Skip to content

Who We Are

The Chapel of All Saints is an Episcopal congregation which gathers every Sunday morning at 8:00 at the North Cornwall Meeting House on Town Street.  The building is owned by the United Church of Christ inCornwall; while we contribute towards its upkeep, we are largely free of the responsibilities and costs that weigh heavily on many congregations and we are able to support an extensive outreach effort. Each week we celebrate Holy Communion along with readings from the Bible and a sermon; an organist is with us on alternate Sundays. The simplicity of the beautiful Meeting House complements the verbal richness of the Episcopal service.

We are a small, energetic and welcoming congregation.  We have a particular interest in the communities of Cornwall and the Northwest Corner, but our outreach extends much farther as we support programs that make a practical difference all around the world. Characteristically, our summer project is to make jams and other preserves to sell at the Cornwall Agricultural Fair in September; the proceeds have typically supported both local food banks and organizations like The Hunger Project. In 2010 we raised more than $5,000 for the Sharon House Garden, which provides fresh vegetables for local food banks. In partnership withSt. Thomas’ Church,Amenia Union,NY, we support 50 orphaned children in Humekwa Parish in the Diocese of Tanzania.  This effort – the Carpenter’s Kids Program of the Diocese of New York – provides school uniforms, shoes, school supplies, mosquito nets, and malaria medication.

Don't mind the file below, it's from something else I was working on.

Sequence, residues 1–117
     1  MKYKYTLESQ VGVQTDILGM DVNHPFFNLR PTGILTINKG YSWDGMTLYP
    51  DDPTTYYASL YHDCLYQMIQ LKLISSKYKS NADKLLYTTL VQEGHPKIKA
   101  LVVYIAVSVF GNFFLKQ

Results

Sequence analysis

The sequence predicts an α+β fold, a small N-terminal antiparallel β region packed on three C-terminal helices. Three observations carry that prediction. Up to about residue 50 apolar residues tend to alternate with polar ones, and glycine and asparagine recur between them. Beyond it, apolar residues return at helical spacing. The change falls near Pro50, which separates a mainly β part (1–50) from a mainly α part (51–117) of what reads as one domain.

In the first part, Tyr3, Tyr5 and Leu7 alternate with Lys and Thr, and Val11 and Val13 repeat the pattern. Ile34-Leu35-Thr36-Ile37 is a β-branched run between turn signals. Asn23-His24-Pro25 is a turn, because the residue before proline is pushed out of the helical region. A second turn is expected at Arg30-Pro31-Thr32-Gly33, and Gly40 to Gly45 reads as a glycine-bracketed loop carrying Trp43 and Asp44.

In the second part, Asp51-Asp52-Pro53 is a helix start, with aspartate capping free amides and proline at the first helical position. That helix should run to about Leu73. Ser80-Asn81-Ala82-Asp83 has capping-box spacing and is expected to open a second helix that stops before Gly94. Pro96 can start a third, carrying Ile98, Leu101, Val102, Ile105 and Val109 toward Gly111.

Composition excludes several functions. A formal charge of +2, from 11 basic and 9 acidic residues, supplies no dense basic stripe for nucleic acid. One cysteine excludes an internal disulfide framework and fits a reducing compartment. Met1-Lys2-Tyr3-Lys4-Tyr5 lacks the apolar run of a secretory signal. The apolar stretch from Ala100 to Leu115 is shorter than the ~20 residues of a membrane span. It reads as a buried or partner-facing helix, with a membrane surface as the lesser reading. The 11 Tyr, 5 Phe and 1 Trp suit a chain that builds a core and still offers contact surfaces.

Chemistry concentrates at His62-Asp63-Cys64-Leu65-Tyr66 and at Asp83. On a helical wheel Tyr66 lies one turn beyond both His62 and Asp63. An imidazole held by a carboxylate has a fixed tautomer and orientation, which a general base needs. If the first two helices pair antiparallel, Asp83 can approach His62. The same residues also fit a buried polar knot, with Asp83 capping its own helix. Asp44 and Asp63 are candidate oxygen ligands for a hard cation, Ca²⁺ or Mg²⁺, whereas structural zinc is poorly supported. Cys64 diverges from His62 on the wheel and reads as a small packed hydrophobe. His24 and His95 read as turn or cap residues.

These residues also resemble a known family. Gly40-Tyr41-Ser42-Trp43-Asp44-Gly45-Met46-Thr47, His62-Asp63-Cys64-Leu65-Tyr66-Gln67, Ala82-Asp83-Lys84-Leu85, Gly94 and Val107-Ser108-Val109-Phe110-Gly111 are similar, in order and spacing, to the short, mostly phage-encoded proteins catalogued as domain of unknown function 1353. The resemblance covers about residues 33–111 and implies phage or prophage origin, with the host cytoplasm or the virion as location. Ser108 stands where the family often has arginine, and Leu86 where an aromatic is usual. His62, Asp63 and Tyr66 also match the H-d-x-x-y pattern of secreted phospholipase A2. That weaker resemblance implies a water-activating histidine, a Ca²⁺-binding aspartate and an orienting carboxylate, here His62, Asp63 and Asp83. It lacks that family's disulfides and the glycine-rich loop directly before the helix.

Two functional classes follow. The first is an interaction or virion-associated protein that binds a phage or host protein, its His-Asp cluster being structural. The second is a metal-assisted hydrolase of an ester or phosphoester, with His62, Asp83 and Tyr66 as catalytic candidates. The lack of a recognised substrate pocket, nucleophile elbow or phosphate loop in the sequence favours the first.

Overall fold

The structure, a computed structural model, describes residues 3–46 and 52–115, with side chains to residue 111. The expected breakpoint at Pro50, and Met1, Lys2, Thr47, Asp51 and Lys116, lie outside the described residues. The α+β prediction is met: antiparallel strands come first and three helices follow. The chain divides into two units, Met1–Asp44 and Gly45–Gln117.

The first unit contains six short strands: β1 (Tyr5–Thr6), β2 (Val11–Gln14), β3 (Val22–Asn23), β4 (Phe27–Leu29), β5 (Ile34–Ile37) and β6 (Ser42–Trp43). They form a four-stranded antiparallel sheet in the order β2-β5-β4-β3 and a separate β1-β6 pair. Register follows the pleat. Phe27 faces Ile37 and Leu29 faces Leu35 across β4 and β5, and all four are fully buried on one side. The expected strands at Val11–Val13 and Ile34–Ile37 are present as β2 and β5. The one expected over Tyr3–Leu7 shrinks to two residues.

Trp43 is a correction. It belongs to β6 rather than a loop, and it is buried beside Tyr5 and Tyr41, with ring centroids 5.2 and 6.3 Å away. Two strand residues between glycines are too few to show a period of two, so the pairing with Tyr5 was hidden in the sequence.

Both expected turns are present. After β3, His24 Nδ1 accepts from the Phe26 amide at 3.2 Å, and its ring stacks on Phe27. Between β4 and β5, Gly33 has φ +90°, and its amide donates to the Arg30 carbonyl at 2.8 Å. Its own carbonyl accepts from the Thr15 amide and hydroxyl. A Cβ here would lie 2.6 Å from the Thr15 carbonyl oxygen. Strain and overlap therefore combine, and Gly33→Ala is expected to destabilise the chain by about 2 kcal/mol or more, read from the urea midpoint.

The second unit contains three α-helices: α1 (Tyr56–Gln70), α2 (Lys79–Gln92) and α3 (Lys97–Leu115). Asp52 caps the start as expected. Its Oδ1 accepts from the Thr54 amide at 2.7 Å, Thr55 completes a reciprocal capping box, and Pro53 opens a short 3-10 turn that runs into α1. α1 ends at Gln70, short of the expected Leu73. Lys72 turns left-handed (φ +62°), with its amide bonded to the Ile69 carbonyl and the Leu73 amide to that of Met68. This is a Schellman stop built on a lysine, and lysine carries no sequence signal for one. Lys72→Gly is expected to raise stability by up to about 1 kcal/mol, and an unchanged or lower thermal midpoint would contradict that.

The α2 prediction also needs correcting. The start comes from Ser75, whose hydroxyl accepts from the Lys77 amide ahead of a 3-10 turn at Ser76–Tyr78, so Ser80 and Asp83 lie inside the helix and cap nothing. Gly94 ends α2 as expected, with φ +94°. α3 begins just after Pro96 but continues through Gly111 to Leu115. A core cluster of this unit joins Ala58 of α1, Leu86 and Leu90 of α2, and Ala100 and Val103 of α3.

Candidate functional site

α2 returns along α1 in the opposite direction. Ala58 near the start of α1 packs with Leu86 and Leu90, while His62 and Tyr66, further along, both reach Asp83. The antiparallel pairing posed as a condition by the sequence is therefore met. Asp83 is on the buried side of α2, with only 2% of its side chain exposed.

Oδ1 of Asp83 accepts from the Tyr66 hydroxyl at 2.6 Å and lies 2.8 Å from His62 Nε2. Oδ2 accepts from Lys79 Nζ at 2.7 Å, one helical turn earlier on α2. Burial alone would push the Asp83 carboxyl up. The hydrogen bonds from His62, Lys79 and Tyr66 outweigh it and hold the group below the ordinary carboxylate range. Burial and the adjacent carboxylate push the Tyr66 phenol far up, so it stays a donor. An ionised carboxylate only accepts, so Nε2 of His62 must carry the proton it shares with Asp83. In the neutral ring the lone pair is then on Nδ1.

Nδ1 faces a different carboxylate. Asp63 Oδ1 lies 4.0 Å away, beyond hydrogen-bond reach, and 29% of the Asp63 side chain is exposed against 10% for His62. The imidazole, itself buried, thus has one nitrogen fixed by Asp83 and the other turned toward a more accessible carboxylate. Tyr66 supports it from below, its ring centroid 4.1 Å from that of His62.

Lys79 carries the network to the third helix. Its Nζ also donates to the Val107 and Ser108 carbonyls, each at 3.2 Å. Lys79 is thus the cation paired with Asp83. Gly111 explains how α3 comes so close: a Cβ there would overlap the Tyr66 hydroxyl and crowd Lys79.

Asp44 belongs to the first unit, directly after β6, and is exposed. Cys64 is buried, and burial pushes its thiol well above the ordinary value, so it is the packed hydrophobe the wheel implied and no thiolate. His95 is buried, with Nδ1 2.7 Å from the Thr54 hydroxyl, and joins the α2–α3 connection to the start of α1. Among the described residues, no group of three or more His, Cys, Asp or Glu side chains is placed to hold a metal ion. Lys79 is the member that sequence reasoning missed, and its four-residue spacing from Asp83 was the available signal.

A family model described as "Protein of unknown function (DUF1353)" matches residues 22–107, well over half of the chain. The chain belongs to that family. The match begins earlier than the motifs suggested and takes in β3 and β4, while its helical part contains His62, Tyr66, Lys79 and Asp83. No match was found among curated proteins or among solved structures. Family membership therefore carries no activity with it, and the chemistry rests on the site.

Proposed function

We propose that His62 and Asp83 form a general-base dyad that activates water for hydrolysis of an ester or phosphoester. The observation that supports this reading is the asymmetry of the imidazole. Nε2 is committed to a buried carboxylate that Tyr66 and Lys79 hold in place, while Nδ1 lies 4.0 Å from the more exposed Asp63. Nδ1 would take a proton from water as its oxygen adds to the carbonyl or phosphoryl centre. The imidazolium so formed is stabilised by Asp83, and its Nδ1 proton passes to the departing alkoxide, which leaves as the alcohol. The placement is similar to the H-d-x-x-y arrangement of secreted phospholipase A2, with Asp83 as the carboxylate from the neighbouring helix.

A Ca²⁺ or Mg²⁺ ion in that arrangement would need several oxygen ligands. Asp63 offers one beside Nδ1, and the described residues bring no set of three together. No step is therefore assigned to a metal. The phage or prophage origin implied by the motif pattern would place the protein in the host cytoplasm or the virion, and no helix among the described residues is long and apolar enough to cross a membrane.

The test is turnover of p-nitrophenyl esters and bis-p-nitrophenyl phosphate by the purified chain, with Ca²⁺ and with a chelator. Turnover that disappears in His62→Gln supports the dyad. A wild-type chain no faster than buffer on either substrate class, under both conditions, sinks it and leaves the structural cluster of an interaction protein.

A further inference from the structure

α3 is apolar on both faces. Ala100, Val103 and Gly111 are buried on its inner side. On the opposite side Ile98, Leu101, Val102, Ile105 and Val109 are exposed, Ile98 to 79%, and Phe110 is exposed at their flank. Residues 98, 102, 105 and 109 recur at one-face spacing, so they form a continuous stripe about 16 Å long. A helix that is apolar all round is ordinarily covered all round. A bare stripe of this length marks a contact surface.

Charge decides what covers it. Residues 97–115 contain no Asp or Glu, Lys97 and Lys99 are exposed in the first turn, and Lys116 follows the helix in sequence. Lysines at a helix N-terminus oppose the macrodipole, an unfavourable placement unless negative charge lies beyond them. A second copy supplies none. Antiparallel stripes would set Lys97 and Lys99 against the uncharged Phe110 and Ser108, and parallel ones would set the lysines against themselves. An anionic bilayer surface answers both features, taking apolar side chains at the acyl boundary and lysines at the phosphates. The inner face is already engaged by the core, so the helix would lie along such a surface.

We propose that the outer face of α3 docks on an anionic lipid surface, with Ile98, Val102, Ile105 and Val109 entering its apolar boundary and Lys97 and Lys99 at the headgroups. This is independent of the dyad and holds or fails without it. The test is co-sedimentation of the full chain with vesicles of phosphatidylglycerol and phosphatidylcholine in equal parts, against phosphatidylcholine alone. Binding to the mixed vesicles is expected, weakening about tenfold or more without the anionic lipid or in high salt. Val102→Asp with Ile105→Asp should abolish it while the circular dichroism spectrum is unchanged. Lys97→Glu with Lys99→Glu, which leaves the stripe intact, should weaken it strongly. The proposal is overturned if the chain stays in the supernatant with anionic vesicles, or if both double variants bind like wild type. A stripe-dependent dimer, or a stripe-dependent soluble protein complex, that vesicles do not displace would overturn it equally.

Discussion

Our priest, Mary Gates, is also a psychotherapist and a licensed social worker. Her personal example is as straightforward and thoughtful as her sermons:  for eleven years, she and her husband, Dan Gates, have maintained a vegetable garden which now supplies fresh food to some seventy needy families in Dutchess County in New York and Litchfield County in Connecticut.

We are a congregation of the Episcopal Diocese of Connecticut, but our governance is less hierarchically structured than that of many Episcopal churches.   Instead of a vestry, we have a Steering Committee; our decision-making sometimes resembles a Town Meeting.  Some visitors have commented that in their simplicity and lack of pretension, our services suggest what early Christian “house churches” may have felt like.